Say that the dog in question’s owner retires or starts working from home. The separation anxiety should clear up in no time, right? The overarching cause for the pup’s distress has stopped. Their owner doesn’t have to leave without them and stay away for the whole day. 


Unfortunately, that is not what usually happens. The dog usually does not behave differently because the owner is home now. Instead, they continue to react to the same triggers as before. For example, if their owner puts on shoes, they still go ballistic. 


It is a behaviour that helps explain why, in most cases, the hair loss continues well after the source of the stress gets addressed. For example, a dog suffering from separation anxiety still gets triggered even when their owner doesn’t leave after said trigger anymore. The behavioural response continues. 


However, it is not only the behaviour that persists. Physiological responses, such as losing bladder control, continue too. 


It’s not just the source of the stress; it’s the behavioural pattern surrounding it.


The behaviours caused by stress and physiological responses, like hair loss, remain. It is safe to say that when the anxiety happens, the pup in question has no conscious control over these reactions. We know that internal processes accompany external behaviours. 


What can one do to help your pup?


This disconnect between the onset of stress and the correlating circumstances makes the situation look pretty bleak. There is no way to communicate the nuances of things effectively. You can’t verbally tell your dog that the situation gets resolved, and even though some actions seem familiar, everything is better now. 


Fortunately, things are not quite as bleak as they seem. But, it’s all there, in the word ‘familiar.’ Most professional dog trainers will tell you that the ‘cure’ is not a pill. It’s a plan.  


It’s also a habit


When one thinks about it, that’s what many forms of canine stress are. They are a trigger that evokes a particular trauma. Once triggered, a dog will resort to the behaviour they associate with the trigger event. 


In many cases, that habit is panic. Then the stress can come flooding in without warning, and rather than experience a new existential crisis, your pup is engaging in an old one, whether it’s happening or not.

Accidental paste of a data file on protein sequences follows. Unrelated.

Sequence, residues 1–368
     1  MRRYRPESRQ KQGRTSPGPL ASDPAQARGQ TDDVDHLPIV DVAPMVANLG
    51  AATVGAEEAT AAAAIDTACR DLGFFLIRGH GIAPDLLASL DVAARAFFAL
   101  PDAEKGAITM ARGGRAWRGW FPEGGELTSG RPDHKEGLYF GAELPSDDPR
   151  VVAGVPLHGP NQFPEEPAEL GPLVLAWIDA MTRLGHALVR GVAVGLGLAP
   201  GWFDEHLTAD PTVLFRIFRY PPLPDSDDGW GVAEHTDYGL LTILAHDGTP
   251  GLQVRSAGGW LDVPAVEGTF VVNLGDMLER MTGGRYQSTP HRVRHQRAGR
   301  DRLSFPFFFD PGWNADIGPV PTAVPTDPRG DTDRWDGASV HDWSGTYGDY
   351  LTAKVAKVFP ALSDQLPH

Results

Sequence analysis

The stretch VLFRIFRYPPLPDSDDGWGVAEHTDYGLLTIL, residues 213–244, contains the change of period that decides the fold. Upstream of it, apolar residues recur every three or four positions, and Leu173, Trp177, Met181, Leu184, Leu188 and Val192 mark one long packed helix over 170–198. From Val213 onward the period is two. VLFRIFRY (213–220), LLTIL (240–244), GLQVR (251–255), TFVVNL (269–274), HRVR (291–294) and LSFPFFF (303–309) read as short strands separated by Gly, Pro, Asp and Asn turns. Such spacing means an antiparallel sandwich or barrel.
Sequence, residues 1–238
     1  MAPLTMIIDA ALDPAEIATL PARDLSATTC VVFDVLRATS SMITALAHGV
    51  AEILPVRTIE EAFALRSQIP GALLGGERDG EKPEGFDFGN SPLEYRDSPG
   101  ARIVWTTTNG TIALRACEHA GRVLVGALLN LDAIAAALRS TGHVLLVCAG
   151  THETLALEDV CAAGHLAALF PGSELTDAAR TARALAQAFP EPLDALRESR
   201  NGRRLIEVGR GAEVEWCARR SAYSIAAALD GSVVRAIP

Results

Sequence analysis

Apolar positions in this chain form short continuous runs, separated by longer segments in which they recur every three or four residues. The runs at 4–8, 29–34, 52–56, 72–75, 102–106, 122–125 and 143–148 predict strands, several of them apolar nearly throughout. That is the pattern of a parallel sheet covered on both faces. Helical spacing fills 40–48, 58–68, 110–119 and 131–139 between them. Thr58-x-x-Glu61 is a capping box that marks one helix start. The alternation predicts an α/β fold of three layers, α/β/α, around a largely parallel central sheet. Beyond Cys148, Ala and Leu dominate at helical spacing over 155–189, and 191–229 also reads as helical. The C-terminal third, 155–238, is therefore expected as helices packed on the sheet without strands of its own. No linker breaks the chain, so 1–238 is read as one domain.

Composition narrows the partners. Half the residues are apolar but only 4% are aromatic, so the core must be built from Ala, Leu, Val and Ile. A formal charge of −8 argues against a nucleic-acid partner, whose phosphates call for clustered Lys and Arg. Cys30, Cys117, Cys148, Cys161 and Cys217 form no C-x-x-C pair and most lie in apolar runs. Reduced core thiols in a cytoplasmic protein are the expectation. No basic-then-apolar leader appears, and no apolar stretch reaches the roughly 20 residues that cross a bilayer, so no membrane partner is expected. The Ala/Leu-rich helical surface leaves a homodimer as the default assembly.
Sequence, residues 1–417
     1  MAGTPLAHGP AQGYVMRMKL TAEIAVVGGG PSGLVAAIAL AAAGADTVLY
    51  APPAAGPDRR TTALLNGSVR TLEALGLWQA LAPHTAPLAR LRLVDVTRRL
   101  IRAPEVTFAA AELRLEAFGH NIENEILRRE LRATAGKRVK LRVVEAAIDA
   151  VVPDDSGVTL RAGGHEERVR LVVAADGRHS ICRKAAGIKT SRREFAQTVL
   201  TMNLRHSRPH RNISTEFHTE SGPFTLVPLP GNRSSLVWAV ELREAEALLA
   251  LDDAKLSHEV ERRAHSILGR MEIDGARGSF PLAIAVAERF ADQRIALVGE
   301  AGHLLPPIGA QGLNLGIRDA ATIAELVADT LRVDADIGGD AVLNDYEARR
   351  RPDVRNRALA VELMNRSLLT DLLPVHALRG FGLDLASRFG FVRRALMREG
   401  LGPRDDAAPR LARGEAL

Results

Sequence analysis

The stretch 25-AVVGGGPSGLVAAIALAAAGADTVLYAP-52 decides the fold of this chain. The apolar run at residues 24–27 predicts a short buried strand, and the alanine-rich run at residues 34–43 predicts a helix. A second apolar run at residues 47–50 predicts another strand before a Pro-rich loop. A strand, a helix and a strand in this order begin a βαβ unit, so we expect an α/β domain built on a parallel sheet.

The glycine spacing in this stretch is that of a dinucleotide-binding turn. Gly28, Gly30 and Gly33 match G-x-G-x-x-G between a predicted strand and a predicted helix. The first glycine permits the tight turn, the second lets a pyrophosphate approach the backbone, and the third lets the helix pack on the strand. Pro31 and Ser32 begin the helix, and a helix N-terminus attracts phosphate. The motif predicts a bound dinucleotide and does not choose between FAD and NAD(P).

Where else do we see this behaviour in dogs?


Strays commonly experience PTSD. Often, they got abused in their original home environment. But, even if that is not the case, living on the streets gives a dog more than enough opportunity to develop chronic PTSD. 


Yet, the number of rescues successfully rehabilitated when adopted is moderate to high. Of course, it is not to take anything away from people who adopt pets and give them a new home and lease on life. But, it seems that adapting to a new routine helps in healing canine stress disorders and symptoms such as the associated hair loss.


The best solution we have


It would be impractical to sell your house and move to address your fur baby’s anxiety and stress. The good news is that you do not have to. The emphasis on the efficacy of building a new routine lay mainly with the ‘routine’ aspect. 


Consult a professional and accredited dog trainer or behavioural expert to help you develop a new daily routine that will change how your dog experiences day-to-day life and the triggers that upset them in the past.


In closing


There are many reasons why your dog might begin losing fur. However, canine hair loss is almost exclusively a symptom of an underlying health concern. Therefore, the most important thing is getting a diagnosis from a trusted vet before attempting to address the problem.


Remember that your pup’s skin is, in some ways, more sensitive than human skin. Stick to natural products and avoid standard flea medication and treatments completely. Above all, remember that our fur babies don’t know how to tell us when they feel bad. They may need extra patience if they suffer from one of the above conditions.